The Eiffel Tower has been a potent symbol of Parisian identity since the day it opened on March 31 1889. Designed by eminent French engineer Gustave Eiffel, it represented the pinnacle of modernity, reaching over the city of lights with its inimitable lattice design. It was the first tower of its kind, and went on to inspire a whole range of future city towers in the following century. Today, the tower has become an icon of Paris, symbolizing romance, beauty, a vital period in Parisian history, and the city’s role as one of the cultural capitals of the world. But how tall is it? We look into the exact height of the Eiffel Tower, along with a series of fascinating facts about the ultimate emblem of Paris.
The Eiffel Tower Is 984 Feet Tall (Or Maybe More…)
The official height of the Eiffel Tower is 984 feet. However, if you include the broadcast antenna that now sits at the top, the entire tower measures approximately 1,083 feet. It recently had an upgraded antenna installed in 2022, which is six feet taller than the one it replaced. This means the entire monument is now the tallest it has ever been!
In its day, the Eiffel Tower was the tallest structure in the world, stunning French society and attracting visitors from around the world. It remained the tallest building in the world until 1930, when New York’s Chrysler Building stole the title. Since then, many more towering structures make the tower seem relatively small by comparison. However, the Eiffel Tower is still the tallest building in Paris, making it visible from many vantage points across the city.
Did You Know?
1. The Eiffel Tower Was a Star Attraction at the Paris World Fair
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It was originally built to be a major attraction during the Paris World Fair, to commemorate the 100th anniversary of the French Revolution. French engineer Gustave Eiffel won a competition to build a flagship sculpture to sit at the center of the city’s world fair.
2. It Was Supposed to be Temporary
In fact, the French Government had given Gustav Eiffel a 20-year permit to use the land. After that time, Eiffel was to return the land to the city of Paris. This means officials could have destroyed his beloved tower. But in 1889, Eiffel saved his masterpiece by working with military authorities to convert the tower into a giant radio mast, with a large antenna at its summit. Since then, the Eiffel Tower has continued to act as a radio transmitter with an important historical role.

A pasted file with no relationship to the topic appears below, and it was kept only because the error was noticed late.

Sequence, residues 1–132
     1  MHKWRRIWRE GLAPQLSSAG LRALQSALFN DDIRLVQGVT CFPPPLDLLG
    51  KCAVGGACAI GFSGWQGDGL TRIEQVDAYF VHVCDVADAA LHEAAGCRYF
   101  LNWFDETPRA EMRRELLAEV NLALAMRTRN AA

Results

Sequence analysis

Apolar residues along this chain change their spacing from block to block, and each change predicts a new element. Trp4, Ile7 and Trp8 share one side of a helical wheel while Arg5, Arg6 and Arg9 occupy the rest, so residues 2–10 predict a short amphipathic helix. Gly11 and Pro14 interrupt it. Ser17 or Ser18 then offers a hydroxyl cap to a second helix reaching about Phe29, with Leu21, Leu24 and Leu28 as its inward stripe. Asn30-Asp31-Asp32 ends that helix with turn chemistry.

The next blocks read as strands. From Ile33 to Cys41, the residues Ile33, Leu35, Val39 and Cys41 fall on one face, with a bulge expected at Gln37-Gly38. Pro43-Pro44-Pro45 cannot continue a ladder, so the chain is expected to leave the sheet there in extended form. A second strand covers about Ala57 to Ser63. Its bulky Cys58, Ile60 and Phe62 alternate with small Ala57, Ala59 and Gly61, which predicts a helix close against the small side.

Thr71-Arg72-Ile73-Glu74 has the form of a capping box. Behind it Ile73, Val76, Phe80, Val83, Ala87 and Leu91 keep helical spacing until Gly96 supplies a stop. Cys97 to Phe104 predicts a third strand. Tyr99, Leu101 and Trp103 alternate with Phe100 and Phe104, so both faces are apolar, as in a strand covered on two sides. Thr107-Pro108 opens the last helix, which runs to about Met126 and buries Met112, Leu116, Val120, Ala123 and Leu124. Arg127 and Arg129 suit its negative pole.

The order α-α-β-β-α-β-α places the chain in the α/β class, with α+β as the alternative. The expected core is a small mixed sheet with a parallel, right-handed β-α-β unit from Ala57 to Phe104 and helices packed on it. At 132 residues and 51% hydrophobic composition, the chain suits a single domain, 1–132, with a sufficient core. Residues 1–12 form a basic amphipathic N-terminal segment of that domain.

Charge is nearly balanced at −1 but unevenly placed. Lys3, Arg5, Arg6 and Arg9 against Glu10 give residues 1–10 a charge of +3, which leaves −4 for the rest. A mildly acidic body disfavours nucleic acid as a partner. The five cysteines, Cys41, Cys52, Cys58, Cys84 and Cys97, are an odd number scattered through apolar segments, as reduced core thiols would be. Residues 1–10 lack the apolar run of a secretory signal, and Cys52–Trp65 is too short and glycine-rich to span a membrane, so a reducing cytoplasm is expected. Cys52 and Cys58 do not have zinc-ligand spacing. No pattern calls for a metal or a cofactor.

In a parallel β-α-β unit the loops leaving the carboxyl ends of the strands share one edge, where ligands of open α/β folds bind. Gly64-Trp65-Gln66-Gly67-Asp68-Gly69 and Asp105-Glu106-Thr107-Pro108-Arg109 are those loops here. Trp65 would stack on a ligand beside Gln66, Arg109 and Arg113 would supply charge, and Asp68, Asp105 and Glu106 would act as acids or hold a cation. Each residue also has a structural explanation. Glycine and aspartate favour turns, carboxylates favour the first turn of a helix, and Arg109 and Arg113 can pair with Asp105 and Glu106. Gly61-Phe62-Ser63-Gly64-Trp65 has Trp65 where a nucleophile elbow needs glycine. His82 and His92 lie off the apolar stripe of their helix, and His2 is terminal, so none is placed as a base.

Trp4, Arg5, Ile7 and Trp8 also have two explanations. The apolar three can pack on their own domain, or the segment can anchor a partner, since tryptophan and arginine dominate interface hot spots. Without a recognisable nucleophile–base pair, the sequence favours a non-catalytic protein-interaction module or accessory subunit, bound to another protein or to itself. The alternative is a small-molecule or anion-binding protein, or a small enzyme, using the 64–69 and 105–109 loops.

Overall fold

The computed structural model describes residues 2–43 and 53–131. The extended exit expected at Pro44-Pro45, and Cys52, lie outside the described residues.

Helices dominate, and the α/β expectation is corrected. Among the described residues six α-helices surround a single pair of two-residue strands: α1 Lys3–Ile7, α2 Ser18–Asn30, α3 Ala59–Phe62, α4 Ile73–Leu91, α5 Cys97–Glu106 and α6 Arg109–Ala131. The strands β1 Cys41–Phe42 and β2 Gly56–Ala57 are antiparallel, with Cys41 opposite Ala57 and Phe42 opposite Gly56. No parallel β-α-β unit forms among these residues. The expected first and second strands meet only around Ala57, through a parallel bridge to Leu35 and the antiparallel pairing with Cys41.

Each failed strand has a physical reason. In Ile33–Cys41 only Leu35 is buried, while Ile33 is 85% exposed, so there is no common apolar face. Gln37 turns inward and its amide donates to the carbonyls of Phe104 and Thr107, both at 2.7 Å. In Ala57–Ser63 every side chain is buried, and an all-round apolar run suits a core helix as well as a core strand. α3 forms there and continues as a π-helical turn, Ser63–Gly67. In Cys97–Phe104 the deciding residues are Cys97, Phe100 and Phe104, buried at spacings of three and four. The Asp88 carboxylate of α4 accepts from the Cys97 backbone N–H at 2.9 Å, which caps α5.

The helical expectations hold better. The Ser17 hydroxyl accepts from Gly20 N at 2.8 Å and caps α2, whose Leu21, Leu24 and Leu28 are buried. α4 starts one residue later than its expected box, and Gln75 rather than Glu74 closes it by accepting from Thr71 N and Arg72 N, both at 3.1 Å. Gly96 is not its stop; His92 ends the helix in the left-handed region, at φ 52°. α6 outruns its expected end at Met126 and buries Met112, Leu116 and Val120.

3. Initially, Many Parisians Hated the Eiffel Tower
Some questioned why it was even built at all. The harshest critics were mystified, arguing that the tower’s dominating presence and experimental lattice design was at odds with the classical city. The most outraged members of the public used the words “confused and deformed,” “hideous,” “tragic” and “diabolical” among many others to describe Eiffel’s avant-garde modernist design. Some even protested at the base of the tower, lobbying for its removal.
4. It Was a Symbol of Modernity
Gustav Eiffel saw his tower as the quintessential symbol of its time, representing modernity and scientific advancement. He called his masterwork a symbol of, “not only the art of the modern engineer, but also the century of Industry and Science in which we are living.” Many modernist artists agreed, and made paintings featuring the tower as the stirring symbol of a new age, most notably the Cubist and Orphist painter Robert Delaunay.
5. It Is the Most Visited Fee-charging Monument in the World
Every year, around 7 million visitors make their way to the legendary monument, where they can see three different levels, accessible by elevator. The lower two levels both house popular restaurants which offer striking views out to the city of Paris beyond.